Bergziegen (Mountain Goats), 1914-16
Maria Marc, Ried.
Otto Stangl, Munich.
Gutekunst & Klipstein, Bern, 1956.
Richard A. Saidenberg, New York, 1956.
Anon. Sale; Christie’s, London, 13 Oct. 1994, lot 136.
Jan A. Ahlers, Herford, acquired at the above sale.
Galerie Arnoldi-Livie, Munich, 2002.
Private Collection, USA, acquired from the above.
A.J. Schardt, Franz Marc, Berlin, 1936, no. 1914/16, p. 168.
K. Lankheit, Franz Marc, Berlin, 1950, p. 48.
K Lankheit, Franz Marc, Katalog der Werke, Cologne, 1970, p. 212, no. 665.
M. Rosenthal, Franz Marc, Munich, 1989, no. 60.
C. Pese, Franz Marc, Aquarelle, Munich, 1990 (illus. p. 37).
A. Hoberg & I. Jansen, Franz Marc: The Complete Works, vol. III, Sketchbooks and Prints, London, 2011, p. 265 (illus. p. 256).
Zürich, Kunsthaus, Neue deutsche Malerei, 21 June – 15 July 1934.
Zürich, Kunsthaus, Marc Chagall, Karl Hofer, Franz Marc, Marianne von Werefkin, 13 Jan. – 13 Feb. 1935, no. 140 (dated 1913).
Bern, Galerie Klipstein, 1935.
Basel, Kunstmuseum, 1935.
Hannover, Kestner-Gesellschaft, Franz Marc: Gedächtnisausstellung, 4 March – 19 April 1936, no. 105; this exhibition later travelled to Berlin, Galerie Nierendorf & Galerie v.d. Heyde, May 1936, no. 60.
Bern, Gutekunst & Klipstein, April 1956, no. 205.
Berkeley, University Art Museum, Franz Marc: 1880 – 1916, 5 Dec. 1979 – 3 Feb. 1980, no. 47; this exhibition later travelled to Fort Worth, Art Museum, 23 Feb. – 13 April 1980 and Minneapolis, Walker Art Center, 4 May – 15 June 1980.
Berlin, Brücke-Museum, Franz Marc, Zeichnungen und Aquarelle, 3 Sept. – 29 Oct. 1989, no. 173; this exhibition later travelled to Essen, Museum Folkwang, 12 Nov. 1989 – 11 Feb. 1990; and Tübingen, Kunsthalle, 29 Feb. – 29 April 1990.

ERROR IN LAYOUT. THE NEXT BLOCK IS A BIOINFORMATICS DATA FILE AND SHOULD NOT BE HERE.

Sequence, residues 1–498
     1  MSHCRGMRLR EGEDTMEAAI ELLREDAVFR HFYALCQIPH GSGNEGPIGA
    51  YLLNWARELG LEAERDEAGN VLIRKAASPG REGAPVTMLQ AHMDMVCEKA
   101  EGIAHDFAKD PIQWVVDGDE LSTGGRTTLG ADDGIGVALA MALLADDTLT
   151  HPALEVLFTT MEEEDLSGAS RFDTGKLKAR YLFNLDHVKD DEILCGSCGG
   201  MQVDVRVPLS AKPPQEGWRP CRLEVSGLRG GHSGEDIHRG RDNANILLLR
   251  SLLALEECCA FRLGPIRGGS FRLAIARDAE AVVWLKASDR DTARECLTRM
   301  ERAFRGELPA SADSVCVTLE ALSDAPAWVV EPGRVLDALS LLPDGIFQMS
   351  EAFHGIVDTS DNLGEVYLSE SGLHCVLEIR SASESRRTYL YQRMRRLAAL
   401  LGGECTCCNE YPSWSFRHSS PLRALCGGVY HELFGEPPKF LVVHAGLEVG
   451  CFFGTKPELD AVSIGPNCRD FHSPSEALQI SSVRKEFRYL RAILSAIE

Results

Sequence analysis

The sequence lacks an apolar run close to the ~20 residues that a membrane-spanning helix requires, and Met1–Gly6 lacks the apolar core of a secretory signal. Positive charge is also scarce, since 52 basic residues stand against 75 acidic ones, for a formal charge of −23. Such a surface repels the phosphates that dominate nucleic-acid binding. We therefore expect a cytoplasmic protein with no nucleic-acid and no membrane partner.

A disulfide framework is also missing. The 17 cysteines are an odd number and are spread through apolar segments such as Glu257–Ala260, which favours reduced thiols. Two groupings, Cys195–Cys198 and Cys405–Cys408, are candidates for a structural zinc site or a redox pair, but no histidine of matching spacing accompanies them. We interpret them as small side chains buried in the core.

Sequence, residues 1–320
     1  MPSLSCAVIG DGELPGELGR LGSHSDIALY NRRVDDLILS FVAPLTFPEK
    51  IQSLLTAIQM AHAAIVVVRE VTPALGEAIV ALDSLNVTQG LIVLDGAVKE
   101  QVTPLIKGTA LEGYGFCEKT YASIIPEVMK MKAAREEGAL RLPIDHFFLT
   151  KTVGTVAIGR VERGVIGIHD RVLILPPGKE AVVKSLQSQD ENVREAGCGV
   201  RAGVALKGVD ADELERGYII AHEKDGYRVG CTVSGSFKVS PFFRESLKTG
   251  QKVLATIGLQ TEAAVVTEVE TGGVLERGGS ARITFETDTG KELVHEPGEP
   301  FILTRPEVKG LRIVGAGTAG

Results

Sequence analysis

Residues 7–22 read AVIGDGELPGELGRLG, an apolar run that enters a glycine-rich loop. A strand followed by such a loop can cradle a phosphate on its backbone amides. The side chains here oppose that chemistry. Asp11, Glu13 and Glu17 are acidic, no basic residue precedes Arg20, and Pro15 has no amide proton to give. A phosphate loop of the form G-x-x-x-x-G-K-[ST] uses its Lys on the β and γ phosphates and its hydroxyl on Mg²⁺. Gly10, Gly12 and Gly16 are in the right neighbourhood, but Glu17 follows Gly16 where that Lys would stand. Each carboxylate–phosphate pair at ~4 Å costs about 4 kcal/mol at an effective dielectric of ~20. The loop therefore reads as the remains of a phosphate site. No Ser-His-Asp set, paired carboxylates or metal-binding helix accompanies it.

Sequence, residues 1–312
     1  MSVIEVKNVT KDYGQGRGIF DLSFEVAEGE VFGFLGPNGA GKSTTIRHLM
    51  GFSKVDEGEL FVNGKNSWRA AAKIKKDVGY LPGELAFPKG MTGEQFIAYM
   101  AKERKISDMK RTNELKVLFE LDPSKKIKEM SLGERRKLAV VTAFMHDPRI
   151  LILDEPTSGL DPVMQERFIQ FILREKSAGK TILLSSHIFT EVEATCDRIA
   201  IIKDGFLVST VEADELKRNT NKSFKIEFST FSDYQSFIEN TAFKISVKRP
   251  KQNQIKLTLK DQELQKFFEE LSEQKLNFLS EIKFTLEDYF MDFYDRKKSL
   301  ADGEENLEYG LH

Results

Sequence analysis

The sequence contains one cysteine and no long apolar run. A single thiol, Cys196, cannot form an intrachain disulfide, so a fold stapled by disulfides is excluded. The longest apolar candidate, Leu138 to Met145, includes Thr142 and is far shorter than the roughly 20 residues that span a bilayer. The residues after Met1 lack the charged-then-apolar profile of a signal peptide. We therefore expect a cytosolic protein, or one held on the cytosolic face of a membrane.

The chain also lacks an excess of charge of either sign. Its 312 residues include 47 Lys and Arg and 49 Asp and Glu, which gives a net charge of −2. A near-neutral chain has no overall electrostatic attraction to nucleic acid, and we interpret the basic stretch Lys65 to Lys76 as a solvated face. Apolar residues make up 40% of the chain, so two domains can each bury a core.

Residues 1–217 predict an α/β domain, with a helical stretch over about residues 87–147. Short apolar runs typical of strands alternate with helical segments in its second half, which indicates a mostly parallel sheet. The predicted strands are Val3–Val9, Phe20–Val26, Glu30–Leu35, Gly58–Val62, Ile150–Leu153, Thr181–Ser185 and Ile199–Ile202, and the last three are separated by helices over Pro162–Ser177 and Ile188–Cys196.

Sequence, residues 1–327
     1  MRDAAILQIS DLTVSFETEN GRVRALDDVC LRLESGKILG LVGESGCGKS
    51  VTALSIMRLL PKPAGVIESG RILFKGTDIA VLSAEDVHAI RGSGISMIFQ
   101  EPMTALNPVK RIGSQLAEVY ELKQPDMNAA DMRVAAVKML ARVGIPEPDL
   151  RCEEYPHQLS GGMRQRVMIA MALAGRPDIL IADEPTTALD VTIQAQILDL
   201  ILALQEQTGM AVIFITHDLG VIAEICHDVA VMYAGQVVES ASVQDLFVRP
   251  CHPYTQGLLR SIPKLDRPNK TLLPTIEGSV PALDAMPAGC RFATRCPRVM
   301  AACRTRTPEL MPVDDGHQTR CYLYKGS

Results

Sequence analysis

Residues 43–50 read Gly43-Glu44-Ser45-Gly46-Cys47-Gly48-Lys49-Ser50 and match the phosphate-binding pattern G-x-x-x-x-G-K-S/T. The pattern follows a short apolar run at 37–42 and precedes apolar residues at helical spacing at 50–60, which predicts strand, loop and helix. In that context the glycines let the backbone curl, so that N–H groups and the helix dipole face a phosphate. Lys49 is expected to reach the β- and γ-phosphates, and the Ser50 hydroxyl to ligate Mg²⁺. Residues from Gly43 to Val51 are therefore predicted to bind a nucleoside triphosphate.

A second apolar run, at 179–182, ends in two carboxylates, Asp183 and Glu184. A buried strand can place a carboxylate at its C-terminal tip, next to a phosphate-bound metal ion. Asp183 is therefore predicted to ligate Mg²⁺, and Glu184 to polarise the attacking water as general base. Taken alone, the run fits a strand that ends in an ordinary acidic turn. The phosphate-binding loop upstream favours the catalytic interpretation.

Nürnberg, Germanisches Nationalmuseum, Expressionistische Bilder: Sammlung Firmengruppe Ahlers, 23 Oct. 1996 – 16 Feb. 1997, no. L5.
Laren, Singer Museum, Duitse Expressionisten. Collectie Ahlers AG, 27 March – 14 June 1998.
Dresden, Staatliche Kunstsammlungen Dresden-Albertinum, Expressionistiche Bilder, Sammlung Firmengruppe Ahlers, 2000, no. 14.
Munich, Arnoldi-Livie, Kunst in München 1800 – 1914 und weitere Neuerwerbungen, winter 2002, no. 25.
Bergziegen numbers among a group of drawings, watercolours and oils which attest to the gradual development in Marc’s oeuvre towards abstraction. With the publication of Der Blaue Reiter in 1911, and his visit to Paris in 1912, Marc’s style found a new impetus: ‘By late in 1913 Marc was increasingly organising his vision within an abstract vocabulary. A language largely evolved from Kandinsky, Delaunay, and Futurism, as well as Macke’s colour compositions of 1912, this abstract mode unified his subject matter while reducing the melodrama’ (M. Rosenthal, op. cit., p. 36). Marc’s compositions from this period represent a synthesis of abstraction and representation. In Bergziegen the rounded forms of two mountain goats are set amidst a panoply of force lines and transparent planes. Rectilinear planes of colour converge in parallel lines from the lower edge of the composition, suggestive of a mountainous landscape. The overall organisation of the work, uniting animal to landscape, is a rich interplay of the figurative and the abstract.
In early 1914, as Marc moved more deeply into non-objective painting, the angular, splintered shapes derived from Cubism and Futurism gave way to increasingly curvilinear forms. In his last paintings and drawings, executed after the outbreak of World War I, Marc sought to create an entirely organic, non-referential visual reality that expressed spirit, dynamism and flux, which stemmed from an intense romantic idealism and an optimistically transcendent belief in the breakthrough to a new world. At the same time, however, seen in the context of a global cataclysm, these works possess a sinister quality in which monumental, impersonal forces irrevocably alter the human and natural landscape, purging it of subject and figurative form. One can only speculate on how Marc’s art would have further evolved; tragically, he was killed on the front lines near Verdun on 4 March 1916, at age thirty-six.
The work formed part of Franz Marc’s sketchbook no. SK XXX (1913/14), which belonged to Marc’s widow, Maria Marc, and whose estate was handled by Otto Stangl in Munich. The composition is a study for the oil painting Die kleinen Bergziegen, formerly in the Morton D. May Collection.